Artemis Michalopulos

Artemis Michalopulos

1943 - 2024

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Artemis Kehagioglou Michalopulos was born on April 1,1943 in Constantinople, Turkey. Artemis and her older sister Lena (Tekini) were born to a Greek mother, Angeliki (Amfilohiadou) and an Armenian father, Suren Kehagioglou. The family, including their Greek Yiayia (grandmother), lived among other “Polítes” (po-LEE-tes) as Constantinople’s Greek minority were called. The sisters lost their father early in life. Greek was spoken in the home but their school classes also included lessons in Turkish.

WWII and the postwar years were stressful for many Polítes, obliging the sisters to leave school at a young age to help their widowed mother support the household. Lena married and started a family, and Artemis relished being a Thea (aunt). After their mother's untimely death, both sisters continued to live in Constantinople, despite growing anti-Greek sentiment. The negative feelings affected neighboring Cyprus, and when tensions peaked there, Artemis fled to Athens, beginning a new life.

A courageous, self-sufficient woman, Artemis adapted and found a way to support herself while also paving the way for Lena and her family to migrate as well. In the mid-1980s Keti Michalopulos, introduced Artemis to her brother, Constantine “Deno” Michalopulos, a recent widower from the US. After a whirlwind courtship, Deno and Artemis were wed in Greece, and then Artemis made her third international move -- to Tulsa, Oklahoma.

At the age of 43, Artemis arrived in Tulsa with just a smattering of English, and no notion of running an American household. Finding herself now in a completely foreign culture, anxiety set in but she persevered, inching into her new roles as wife, and stepmother to George, Renee, and Gina as well as becoming daughter-in-law to Deno’s first wife’s father, who lived with the family. The extended family (including Deno’s first wife’s family) as well as the local Greek community warmly invited her into the fold, smoothing the transition considerably. Artemis evolved quickly, picked up English, learned to drive and became an American citizen—a particularly proud achievement. She loved everything about her new life in the US.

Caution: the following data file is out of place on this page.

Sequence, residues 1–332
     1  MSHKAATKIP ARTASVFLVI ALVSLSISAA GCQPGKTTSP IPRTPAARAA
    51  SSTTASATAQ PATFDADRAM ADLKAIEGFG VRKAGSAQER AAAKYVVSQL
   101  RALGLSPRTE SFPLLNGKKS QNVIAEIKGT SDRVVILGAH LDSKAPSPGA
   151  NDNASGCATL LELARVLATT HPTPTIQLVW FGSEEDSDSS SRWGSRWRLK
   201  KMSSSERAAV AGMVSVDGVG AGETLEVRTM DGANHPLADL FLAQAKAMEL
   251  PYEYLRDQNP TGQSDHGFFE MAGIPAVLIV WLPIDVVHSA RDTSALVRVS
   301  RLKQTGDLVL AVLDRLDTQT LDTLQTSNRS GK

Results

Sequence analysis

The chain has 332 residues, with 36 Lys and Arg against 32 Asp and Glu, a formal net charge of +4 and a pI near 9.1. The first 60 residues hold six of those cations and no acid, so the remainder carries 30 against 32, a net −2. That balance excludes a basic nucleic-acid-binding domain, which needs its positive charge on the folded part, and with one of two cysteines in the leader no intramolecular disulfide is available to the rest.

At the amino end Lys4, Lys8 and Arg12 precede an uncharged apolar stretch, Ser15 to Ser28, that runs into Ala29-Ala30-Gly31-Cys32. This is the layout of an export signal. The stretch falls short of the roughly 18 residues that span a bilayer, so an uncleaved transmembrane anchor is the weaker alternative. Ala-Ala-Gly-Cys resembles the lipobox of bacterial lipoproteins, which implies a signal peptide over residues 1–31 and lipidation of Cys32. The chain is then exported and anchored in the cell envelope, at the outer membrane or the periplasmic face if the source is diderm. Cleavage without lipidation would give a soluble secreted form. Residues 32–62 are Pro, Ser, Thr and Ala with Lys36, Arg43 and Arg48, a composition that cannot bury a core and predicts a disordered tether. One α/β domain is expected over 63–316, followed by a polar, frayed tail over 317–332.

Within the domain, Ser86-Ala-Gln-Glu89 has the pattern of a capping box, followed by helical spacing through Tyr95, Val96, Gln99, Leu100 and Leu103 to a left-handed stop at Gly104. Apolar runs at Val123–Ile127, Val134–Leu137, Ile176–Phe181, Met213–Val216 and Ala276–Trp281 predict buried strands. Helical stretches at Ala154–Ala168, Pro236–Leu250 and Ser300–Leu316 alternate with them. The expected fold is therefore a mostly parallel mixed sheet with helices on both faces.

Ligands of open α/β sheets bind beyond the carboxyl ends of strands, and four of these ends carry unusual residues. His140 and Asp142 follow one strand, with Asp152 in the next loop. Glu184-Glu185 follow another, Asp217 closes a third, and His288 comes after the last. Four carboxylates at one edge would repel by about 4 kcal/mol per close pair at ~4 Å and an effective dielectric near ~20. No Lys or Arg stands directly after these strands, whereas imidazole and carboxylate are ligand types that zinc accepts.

With so many more skills on board, and with George and Gina expanding their families, Artemis glided into yet another role: Yiayia, a role she cherished and that further rooted her in her new life. With the love and affection befitting any Yiayia, Artemis was a doting one to Constantine “Denny,” Michael, Louka, Marko, and Yianni. Her grandsons enjoyed the enviably unique experience of entering a thoroughly Greek microcosm each time they visited Yiayia and Papou (grandfather). Artemis, most fastidious of housekeepers, would berate Deno if so much as a crumb fell to her spotless floor but her grandchildren could do no wrong, regardless of any chaos they left behind. She took great pride in even their smallest accomplishments and boasted about them tirelessly. She catered to her grandchildren’s every whim by, say, keeping a supply on hand at all times of hand-peeled pomegranate seeds, freshly-baked koulourakia as well as an extensive collection of their favorite VHS movies.

Indeed, food was her love language—she mastered traditional Greek dishes and sprinkled Turkish ones into her extensive repertoire of exotic cuisine. She was proud of her flair in the kitchen and readily showered her labor-intensive delicacies on friends and family alike. Receiving her baklava or spanakopita was an ultimate delight.